SOURCE: McGill University, news release, May 12, 2015
FRIDAY, May 29, 2015 (HealthDay News) -- Babies would rather listen to other babies than adults, and this preference may help in their language development, a new study suggests.
This finding might help explain why many adults seem to instinctively choose to use "baby-talk" with infants, according to one of the study's authors.
"Perhaps, when we use a high, infant-like voice pitch to speak to our babies, we are actually preparing them to perceive their own voice," study senior author Linda Polka, a professor in the school of communication disorders at McGill University in Montreal, said in a university news release.
The Canadian researchers conducted a series of experiments with 6-month-old babies and found that they listened to infant-like vowel sounds an average of 40 percent longer than vowel sounds made by an adult woman.
This was not due to a preference for a familiar sound. The infants in the study were not yet babbling, so the infant-like vowel sounds were not yet among the things they heard every day, the study authors said in the journal Developmental Science.
An attraction to infant speech sounds may help trigger and support the processes involved in learning how to talk, the researchers said. They added that the findings could lead to new ways to help infants with hearing impairment and other problems that hinder language skills development.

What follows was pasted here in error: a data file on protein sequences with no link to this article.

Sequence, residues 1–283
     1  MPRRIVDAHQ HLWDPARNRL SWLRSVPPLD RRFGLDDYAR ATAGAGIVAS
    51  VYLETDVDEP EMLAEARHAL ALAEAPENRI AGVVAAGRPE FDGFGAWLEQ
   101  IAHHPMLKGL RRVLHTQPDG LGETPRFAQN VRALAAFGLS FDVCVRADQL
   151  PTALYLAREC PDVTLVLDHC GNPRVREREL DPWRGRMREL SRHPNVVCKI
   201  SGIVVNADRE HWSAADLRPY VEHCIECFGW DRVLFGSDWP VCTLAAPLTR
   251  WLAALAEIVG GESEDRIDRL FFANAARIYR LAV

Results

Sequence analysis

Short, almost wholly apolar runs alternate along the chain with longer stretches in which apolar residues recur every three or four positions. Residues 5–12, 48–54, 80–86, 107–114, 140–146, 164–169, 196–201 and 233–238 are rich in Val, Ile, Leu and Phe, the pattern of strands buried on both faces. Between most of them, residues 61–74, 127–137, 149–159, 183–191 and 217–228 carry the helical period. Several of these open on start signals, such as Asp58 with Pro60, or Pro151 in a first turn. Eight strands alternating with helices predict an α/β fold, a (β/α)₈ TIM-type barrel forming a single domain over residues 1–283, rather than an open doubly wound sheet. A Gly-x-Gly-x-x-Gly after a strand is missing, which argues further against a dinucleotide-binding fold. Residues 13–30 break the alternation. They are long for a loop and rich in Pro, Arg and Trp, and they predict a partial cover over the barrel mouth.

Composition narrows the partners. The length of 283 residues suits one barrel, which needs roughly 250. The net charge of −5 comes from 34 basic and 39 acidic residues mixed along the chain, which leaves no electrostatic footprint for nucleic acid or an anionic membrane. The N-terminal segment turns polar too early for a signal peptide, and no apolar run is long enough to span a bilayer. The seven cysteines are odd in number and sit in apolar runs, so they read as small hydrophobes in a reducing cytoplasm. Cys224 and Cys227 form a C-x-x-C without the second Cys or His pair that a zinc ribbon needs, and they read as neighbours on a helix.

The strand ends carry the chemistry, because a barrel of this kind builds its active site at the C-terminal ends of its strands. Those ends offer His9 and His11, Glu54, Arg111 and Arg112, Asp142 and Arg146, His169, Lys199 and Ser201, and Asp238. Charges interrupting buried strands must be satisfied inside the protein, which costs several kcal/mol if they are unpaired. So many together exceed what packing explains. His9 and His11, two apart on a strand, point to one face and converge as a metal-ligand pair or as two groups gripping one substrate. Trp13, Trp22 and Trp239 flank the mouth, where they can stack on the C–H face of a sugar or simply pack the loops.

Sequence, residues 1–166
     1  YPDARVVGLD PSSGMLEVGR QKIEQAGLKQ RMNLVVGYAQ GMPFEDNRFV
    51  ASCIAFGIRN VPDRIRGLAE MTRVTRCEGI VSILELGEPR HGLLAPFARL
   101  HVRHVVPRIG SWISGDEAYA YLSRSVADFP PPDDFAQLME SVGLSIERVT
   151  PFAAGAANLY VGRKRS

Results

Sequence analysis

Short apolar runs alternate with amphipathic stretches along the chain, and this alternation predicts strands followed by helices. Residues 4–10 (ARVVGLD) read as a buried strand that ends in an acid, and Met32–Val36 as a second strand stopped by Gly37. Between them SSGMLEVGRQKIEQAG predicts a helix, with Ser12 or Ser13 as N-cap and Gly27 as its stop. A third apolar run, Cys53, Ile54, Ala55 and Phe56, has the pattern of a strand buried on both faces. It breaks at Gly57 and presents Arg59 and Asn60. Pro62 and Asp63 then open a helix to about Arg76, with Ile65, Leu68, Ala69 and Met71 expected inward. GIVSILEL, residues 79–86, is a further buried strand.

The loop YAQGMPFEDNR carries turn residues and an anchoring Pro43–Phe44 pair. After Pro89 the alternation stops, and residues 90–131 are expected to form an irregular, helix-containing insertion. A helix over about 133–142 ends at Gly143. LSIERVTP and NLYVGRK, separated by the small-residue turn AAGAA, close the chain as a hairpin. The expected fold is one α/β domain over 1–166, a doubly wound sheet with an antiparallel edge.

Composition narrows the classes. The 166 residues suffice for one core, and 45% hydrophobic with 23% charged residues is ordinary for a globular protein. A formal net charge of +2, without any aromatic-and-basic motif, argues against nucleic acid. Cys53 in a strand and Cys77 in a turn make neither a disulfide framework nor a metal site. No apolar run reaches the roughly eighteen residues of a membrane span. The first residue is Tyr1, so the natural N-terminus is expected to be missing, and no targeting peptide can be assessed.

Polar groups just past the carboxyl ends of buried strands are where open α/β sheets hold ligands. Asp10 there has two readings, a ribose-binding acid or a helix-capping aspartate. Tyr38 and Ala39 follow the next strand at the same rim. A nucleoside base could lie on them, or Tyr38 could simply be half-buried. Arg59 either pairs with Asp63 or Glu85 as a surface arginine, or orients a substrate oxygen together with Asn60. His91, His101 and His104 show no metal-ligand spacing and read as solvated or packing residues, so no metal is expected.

"As adults, we use language to communicate. But when a young infant starts to make speech sounds, it often has more to do with exploring than with communicating... In fact, babies typically vocalize when they are alone, without any interaction or eye contact with others," Polka said.
"That's because to learn how to speak, babies need to spend lots of time moving their mouths and vocal cords to understand the kind of sounds they can make themselves. They need, quite literally, to 'find their own voice,' " she explained.
The U.S. National Institute on Deafness and Other Communication Disorders has more about speech and language development.